"A blasted curse," Zoe complained as she forced the writhing bundle into Betsy's arms. "Just get it out of here."
Betsy jiggled the baby and gawked at her big sister, who shoved bloodied towels and rags into a trash bag. The birth had been a battlefield—intense and gory. Betsy couldn't fathom how Zoe had endured it in silence.
"Go on. You know what to do." Zoe’s impatience spread like turpentine on a wound.
"Are you really sure?"
“We've been over this, like, a thousand times. Go, get out of here before the thing starts crying again,” Zoe snapped. “You've got to do the dump fast and get right home."
"But the cleanup, it's such—"
"I'll take care of this. You've got to hurry. It was easy enough to hide my weight gain with baggy clothes. Mom's so preoccupied all the time." Disdain stiffened Zoe’s face as she pointed to the baby. "But there's no way I can hide that. And Mom can't know." Her voice quavered. "She’d always hold it against me."
With thoughts jumbled like dice in a shaker, Betsy carried her nephew three blocks to Fire Station No. 3, where her seventh-grade class had taken a field trip a few weeks ago. The captain was tall and solid with a superhero voice. At the entrance, Betsy knelt and placed the babe on a gray rubber mat, averting her eyes from the life just begun. She rose and turned to walk away, staving off a confusion of feelings with clenched teeth. She took a step toward the sidewalk, hoping the captain would be the one to find him. The boy could do worse than be greeted by a hero, she thought.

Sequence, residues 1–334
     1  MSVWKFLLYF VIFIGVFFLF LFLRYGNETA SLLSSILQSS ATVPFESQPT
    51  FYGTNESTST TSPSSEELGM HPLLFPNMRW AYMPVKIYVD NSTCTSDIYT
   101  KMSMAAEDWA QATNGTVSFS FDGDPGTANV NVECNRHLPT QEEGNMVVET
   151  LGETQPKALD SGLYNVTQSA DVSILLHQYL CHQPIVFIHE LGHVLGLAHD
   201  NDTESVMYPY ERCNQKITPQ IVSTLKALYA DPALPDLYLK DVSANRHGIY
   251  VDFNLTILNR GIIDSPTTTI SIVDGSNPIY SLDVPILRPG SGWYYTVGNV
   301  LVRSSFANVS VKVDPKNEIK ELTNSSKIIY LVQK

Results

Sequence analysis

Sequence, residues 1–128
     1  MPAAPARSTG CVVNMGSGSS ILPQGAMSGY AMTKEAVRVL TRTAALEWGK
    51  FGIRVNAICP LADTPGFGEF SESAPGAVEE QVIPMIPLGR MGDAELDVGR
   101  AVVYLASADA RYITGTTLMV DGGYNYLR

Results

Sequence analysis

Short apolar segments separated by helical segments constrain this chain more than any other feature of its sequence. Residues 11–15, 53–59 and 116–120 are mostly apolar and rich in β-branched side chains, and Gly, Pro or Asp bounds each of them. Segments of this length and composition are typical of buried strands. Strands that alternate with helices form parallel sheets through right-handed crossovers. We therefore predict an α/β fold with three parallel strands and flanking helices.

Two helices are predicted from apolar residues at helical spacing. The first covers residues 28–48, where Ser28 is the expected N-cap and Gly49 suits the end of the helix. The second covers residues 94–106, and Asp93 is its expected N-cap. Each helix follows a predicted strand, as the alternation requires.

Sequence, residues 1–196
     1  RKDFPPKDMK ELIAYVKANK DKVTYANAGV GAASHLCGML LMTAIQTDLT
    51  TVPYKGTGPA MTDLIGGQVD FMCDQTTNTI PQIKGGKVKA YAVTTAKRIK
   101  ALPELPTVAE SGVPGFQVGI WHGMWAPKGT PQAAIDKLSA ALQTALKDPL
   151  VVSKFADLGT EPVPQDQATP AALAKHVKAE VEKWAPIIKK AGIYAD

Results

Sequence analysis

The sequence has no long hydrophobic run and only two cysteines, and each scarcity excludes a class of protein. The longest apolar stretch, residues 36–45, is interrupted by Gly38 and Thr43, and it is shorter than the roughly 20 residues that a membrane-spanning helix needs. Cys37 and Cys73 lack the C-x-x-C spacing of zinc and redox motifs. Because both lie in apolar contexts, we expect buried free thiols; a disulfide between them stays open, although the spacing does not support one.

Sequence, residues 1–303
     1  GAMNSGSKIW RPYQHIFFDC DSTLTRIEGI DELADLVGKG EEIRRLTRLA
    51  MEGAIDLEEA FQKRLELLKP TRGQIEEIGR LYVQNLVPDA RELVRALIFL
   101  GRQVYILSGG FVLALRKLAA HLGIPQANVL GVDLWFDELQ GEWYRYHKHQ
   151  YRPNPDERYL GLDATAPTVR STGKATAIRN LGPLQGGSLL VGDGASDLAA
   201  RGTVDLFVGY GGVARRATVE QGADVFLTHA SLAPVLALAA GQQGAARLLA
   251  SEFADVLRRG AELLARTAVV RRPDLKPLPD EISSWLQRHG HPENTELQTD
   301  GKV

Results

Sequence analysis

Then a tiny whimper cracked her resolve. She returned to her nephew and took him into her arms. After peeling the blanket from his face, she looked into his deep blue eyes and said, "Welcome to this big, fat, complicated world, kiddo." Then she reached up and rang the bell, certain her sister would never forgive her. Heart pounding, she listened as footsteps inside drew near.
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